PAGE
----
NEW YORK (Aug. 20)
“Devastation number one” was going to the United Nations Decade for Women Conference with “high expectations to learn what progress had been made over the last five years” since the first women’s conference in Mexico City in 1975. That is the evaluation by Chiae Herzig, copresident of the Women’s Division of the American Jewish Congress, who represented that organization in the open forum in Copenhagen last month.
If there were any efforts mode to discuss topics other than those berating Israel, “those efforts were subverted,” she continued. Herzig also reported that some active feminists, such as Bella Abzug, were so frustrated, they simply left the conference altogether.
Herzig had encounters with Jewish women from all around the world and noted that “for them, Israel was number one on the agenda at all times.” After hearing a constant barrage of anti-Israel rhetoric, “one’s instinct rises to the defense of the things that are close to you.” she said.
According to Herzig, any meetings she had with women from Arab or Third World countries revolved around “small talk” and she never really “felt comfortable or cordial with them.” Herzig never had the feeling that some of those delegates were at all sympathetic to Israel or that any of them said things at-various sessions that they did not believe.
Although Herzig found many of the women representing anti-Israeli countries “articulate and very bright,” she observed “the day has to come that in addition to speaking they also think. There is no question in my mind that the women at the conference spoke what the men (their counterparts at the United Nations) said.”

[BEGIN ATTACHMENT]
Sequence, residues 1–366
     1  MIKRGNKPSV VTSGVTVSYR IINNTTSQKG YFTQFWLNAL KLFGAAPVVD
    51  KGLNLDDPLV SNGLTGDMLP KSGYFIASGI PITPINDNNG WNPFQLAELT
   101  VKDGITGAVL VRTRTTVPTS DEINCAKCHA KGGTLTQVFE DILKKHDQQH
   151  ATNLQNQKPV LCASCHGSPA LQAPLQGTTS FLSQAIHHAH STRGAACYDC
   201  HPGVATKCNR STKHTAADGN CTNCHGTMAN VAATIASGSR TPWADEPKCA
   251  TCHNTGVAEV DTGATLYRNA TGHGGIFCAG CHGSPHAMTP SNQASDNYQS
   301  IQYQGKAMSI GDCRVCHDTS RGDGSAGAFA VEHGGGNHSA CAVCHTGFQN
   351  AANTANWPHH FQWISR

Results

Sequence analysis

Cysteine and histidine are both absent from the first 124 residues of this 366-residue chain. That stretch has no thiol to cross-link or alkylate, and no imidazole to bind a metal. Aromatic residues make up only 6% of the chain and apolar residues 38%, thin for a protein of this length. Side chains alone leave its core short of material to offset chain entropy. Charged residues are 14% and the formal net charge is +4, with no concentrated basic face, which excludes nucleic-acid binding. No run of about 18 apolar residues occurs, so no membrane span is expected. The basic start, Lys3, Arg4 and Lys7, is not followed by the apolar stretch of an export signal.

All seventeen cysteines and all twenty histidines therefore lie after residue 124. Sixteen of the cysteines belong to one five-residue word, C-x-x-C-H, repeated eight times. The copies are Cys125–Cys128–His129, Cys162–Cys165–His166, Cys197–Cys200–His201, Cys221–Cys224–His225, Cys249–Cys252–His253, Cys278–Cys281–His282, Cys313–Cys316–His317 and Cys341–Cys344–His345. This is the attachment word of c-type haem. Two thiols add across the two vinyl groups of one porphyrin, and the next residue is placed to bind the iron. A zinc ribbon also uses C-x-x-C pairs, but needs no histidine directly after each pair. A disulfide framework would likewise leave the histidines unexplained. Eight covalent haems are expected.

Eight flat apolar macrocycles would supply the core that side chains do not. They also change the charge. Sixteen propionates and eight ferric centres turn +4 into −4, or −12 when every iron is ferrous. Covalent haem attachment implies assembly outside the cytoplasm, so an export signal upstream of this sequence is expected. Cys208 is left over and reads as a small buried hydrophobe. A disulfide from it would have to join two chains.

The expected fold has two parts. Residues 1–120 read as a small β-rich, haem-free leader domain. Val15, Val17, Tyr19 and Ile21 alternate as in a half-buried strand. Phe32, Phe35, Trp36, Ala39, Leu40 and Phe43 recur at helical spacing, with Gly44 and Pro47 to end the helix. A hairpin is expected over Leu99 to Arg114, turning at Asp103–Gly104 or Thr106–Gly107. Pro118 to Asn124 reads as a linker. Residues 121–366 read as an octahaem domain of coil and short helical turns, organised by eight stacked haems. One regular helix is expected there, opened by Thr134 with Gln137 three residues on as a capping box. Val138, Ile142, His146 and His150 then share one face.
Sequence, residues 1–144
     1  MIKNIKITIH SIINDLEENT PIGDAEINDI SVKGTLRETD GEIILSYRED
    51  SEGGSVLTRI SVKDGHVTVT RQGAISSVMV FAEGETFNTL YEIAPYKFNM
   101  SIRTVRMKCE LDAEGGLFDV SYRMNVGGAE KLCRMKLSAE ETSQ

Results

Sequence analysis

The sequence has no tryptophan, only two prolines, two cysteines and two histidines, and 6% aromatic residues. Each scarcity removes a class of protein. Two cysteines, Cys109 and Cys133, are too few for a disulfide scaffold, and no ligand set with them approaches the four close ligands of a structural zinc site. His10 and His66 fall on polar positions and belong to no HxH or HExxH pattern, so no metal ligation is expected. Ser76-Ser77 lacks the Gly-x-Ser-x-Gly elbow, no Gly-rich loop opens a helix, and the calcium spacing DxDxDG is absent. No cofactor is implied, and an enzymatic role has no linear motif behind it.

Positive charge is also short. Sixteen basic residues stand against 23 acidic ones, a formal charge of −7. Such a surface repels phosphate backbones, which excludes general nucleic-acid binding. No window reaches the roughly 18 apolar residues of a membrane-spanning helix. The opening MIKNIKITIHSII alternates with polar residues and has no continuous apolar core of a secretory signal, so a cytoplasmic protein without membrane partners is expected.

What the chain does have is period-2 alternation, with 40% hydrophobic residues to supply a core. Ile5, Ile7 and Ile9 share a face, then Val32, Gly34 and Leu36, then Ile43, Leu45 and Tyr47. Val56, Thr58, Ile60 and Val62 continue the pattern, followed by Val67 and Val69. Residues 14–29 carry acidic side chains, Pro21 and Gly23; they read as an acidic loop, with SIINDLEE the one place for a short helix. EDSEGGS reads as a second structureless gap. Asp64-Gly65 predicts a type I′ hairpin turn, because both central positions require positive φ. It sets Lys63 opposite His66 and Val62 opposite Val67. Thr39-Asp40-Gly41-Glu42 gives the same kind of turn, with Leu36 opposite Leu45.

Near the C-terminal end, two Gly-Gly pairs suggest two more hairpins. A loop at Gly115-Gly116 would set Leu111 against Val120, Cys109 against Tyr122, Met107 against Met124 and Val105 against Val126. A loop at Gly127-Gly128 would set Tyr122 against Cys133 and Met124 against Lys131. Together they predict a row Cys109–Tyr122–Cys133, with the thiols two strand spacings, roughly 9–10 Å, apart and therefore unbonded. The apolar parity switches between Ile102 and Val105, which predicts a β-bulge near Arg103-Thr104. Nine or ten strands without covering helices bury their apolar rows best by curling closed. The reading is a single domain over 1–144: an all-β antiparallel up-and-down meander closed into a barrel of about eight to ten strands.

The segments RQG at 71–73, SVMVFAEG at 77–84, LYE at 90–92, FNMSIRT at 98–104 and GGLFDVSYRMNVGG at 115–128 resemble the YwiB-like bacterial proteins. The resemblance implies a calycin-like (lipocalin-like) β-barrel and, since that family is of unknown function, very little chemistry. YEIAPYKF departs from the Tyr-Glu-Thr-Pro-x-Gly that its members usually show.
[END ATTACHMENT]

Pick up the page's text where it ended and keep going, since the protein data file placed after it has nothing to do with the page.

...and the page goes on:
ATTITUDE OF AMERICAN DELEGATION
When asked about the relationship between the Jewish women and the American delegation, Herzig responded: “Are we friends? Yes, we are friends. Do we know each other well? Yes, we know each other well. Each of the delegates … understood thoroughly the positions of the United States and articulated them.” Although the U.S. delegation “stood firm” in their support of Israel, Herzig, as a leader of a major Jewish organization, found the U.S. delegation to be particularly pro-American but not particularly pro-Jewish.
According to Herzig, there were some positive results from the conference, including the signing of an agreement to end all discrimination against women as well as positive resolutions on education and the elderly. The cordial hospitality displayed by the Danish Jewish community of Copenhagen, as in the preparation of Shabbat candles, was another such positive effect. However, these things “did not offset the heartache felt,” she said.
Herzig said that the goals of the conference were “never achieved” and attending was an “unnerving experience.” Referring to the final conference of the UN Decode for Women to be held in Nairobi, Kenya in 1985, Herzig said: “I will not go to Kenya. I will leave that to someone with more stamina.”